Vail Resorts, which includes Beaver Creek, Vail, Keystone and Breckenridge, recorded a 9 percent decline in skier visits at its Colorado resorts, though season pass revenue was up 12.8 percent across all resorts, according to Broomfield-based Vail Resorts Inc.'s fiscal third-quarter statistics.
Vail Resorts saw more than a 50 percent drop in snowfall across all resorts in what CEO Rob Katz called "the most challenging winter in the history of the United States ski industry."
Overall, Vail Resorts' revenue remained steady, with a 0.9 percent increase in net revenue across all resorts.
This season, Vail celebrates its 50th anniversary with the addition of a new 10-passenger gondola to replace the Vista Bahn Express Lift. In late February and early March, Vail will host the Burton U.S. Snowboarding Open.
Breckenridge received late-summer approval for a 543-acre terrain expansion set to be completed by the 2013-2014 season.
At Loveland Ski Area, skier visits were down more than 10 percent, said John Sellers, the resort's spokesman.
"It wasn't the end of the world," Seller said. "We were coming off our biggest season in the history of Loveland. We're comparing one of the slowest snow seasons to one of the snowiest."
Sellers said skier visits "weren't too far off" the resort's average numbers, adding that Loveland was able to stay open for 199 days even with the lack of snow.
The still-slumping economy worked in Loveland's favor, Sellers said, because people continue to pinch pennies.
"When they look at gas costs and ticket costs, you can ski at Loveland for half of what you pay at bigger resorts and still get an authentic Colorado experience," Seller said. "We've seen a lot of people make the decision to ski here instead of driving through the tunnel."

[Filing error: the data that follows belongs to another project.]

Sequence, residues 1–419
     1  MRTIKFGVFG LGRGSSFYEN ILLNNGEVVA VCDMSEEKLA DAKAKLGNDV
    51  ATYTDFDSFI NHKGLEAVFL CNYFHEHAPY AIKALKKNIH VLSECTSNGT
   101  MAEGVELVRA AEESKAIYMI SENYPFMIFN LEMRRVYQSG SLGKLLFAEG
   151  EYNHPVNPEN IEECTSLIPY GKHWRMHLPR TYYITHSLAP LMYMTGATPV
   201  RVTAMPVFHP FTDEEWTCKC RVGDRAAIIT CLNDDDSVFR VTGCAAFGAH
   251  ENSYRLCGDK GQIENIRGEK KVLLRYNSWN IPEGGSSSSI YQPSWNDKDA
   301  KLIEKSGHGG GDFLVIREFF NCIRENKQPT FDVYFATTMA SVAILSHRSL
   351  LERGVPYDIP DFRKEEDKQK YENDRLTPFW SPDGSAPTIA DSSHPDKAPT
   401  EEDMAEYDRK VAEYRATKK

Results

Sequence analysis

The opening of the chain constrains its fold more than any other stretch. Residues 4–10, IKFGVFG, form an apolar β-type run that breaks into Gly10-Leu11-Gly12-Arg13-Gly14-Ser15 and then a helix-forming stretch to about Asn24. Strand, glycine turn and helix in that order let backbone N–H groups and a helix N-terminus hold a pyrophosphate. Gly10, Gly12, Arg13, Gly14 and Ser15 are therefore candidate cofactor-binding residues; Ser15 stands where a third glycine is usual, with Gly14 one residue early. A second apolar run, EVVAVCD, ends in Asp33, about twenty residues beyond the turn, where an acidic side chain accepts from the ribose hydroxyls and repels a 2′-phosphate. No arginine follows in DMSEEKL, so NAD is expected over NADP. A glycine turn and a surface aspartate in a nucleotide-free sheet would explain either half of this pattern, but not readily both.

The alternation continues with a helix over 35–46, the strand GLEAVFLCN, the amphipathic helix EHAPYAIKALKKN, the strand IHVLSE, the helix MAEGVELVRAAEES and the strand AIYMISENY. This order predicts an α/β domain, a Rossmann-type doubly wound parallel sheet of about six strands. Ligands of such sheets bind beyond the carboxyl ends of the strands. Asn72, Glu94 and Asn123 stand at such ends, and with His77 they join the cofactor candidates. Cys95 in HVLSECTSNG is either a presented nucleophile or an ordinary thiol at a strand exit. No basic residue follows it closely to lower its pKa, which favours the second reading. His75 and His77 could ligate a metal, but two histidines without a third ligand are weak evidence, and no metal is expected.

Loveland turns 75 this season, and Sellers said a birthday party is in the works for January. The ski area completed renovations to its mountain cabins, and this season skiers can ride a 20-passenger snowcat to the hike-to terrain, Sellers said.
Eldora Mountain Resort, on the other hand, had "by some accounts, a record season," spokesman Rob Linde said.
Boulder County's only ski area had a few well-timed snows, Linde said.
"No one else in the state got the snow that we did," he said. "It was completely isolated to the Front Range. We had people literally coming from all over the state."
Upslope storms caused the sudden bursts of powder around the Christmas holiday and the first weekend of February, Linde added. Skiers and snowboarders flocked to Eldora so much that the resort had to turn people away once the parking lots filled up, he said.
Linde attributed increases in both skier visits and revenue to Eldora's proximity to Denver.
"People don't want to drive as far," Linde said. "They want to continue to ski, however they may change their focus a little bit and not be willing to travel as far or pay as much. We've really done just fine through this economic downturn. It has helped small, local ski areas in general."
Eldora is still waiting to begin construction on its master plan, which was accepted by the U.S. Forest Service in February 2011. The plan includes additional lifts and terrain, though "no dirt has been turned yet," Linde said.
The resort also purchased 50 new high-efficiency snowmaking guns for the upcoming season.
--Follow Sarah Kuta on Twitter: @SarahKuta.